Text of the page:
Healthy Eating Using the Glycemic Index
In our quest for health and a healthy diet, it can be easy to become confused with all the available information today. There is a lot of correct information, but there is also a lot of misinformation too which is why it is so easy to be overwhelmed by information overload.
If you are someone who would like to stay healthy by eating right, then it is important to know that a “healthy diet” is made easier when you know a bit about your own body chemistry. To explain that statement, we basically need to become more knowledgeable in evaluating the nutritional value of the foods that we eat. To confidently know what to eat, we need to know why.
The Importance of the Glycemic Index
One of the first things to be aware of when making food choices is how each food affects the levels of blood sugar and insulin in our body. This has become a must not only for diabetics but for everyone, due to the over-consumption of easily available foods that contain far too much added sugar.
Foods that do not have adverse impacts on our blood sugar will keep our moods balanced, provide the right amount of energy and help maintain an ideal weight.
The problem is, how do we know how much impact a certain food can have on our blood sugar? This is where we need to be aware of the “glycemic index”.
The Glycemic Index Defined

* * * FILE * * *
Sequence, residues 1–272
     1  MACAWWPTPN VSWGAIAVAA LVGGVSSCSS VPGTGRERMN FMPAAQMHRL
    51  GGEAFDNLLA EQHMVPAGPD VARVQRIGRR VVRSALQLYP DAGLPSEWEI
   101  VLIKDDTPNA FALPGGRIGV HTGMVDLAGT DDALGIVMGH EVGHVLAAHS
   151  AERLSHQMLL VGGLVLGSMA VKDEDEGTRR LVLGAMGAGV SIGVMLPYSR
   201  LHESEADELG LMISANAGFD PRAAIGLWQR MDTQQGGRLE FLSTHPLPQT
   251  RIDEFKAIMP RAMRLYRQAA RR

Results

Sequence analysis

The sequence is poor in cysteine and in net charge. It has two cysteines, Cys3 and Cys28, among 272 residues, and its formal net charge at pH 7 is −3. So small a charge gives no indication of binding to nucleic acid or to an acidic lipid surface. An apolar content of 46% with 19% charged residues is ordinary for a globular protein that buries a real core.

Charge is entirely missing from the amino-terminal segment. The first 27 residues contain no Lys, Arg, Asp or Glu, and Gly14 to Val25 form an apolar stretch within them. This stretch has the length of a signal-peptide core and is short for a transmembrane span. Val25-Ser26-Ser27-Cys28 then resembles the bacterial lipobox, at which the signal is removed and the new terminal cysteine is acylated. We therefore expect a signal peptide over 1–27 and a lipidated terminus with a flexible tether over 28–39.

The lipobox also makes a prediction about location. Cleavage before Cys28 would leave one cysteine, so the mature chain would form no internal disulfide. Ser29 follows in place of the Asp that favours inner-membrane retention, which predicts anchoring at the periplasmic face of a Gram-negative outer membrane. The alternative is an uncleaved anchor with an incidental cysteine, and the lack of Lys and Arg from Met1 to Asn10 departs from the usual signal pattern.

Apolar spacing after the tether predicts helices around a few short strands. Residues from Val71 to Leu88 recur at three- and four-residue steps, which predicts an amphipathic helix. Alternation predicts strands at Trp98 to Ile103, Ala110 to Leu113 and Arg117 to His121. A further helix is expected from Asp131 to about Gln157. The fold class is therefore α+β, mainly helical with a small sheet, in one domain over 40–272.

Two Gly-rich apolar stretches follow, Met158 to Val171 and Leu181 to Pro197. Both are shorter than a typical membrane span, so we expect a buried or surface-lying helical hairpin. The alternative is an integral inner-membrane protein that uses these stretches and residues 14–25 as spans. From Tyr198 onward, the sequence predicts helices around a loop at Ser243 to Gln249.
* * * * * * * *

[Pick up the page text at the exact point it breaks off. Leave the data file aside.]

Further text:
The glycemic index or GI measures the impact of carbohydrates in our blood sugar. Carbohydrates that fall in the ‘high GI’ category are those that are too easily broken down to provide a quick release of glucose into our bloodstream.
The Glycemic Index is a very helpful tool in differentiating between good carbs and bad carbs, or more correctly, complex carbs and simple carbs.
Good carbs fall in the ‘low glycemic’ range which means they are foods that are easily broken down by the body in a slow and steady manner. This process keeps blood sugar and insulin levels more stable.
On the other hand, carbs that are classified in the ‘high GI’ category are rapidly converted to blood glucose, triggering a panic insulin release rather than a measured steady response. The insulin quickly ‘sweeps’ the glucose from the blood, some of which becomes body fat.
The excess insulin release depletes the blood’s glucose to a sub-normal level. The lower than normal blood glucose causes fatigue and the brain responds by inducing hunger symptoms in an attempt to restore normal levels. This causes us to reach for a dietary ‘quick-fix’, usually more high GI carbs, and the unhealthy cycle continues.
The Glycemic Index was originally created to help diabetics control their blood sugar and insulin levels, however, nutritional experts realize that the Glycemic Index can be a helpful tool for everyone, not just diabetics.
Making Wise Food Choices
The Glycemic Index is in no way the single determinant of what is good food or otherwise. Foods that are considered to be ‘high GI’ are not all villains while ‘low GI’ foods are not all excellent sources of nutrition.
In addition to classifying foods according to their GI, the nutritional content of each food must be considered. In other words, common sense must be used in conjunction to consulting the Glycemic Index and it should not be used as a sole basis for making wise dietary choices.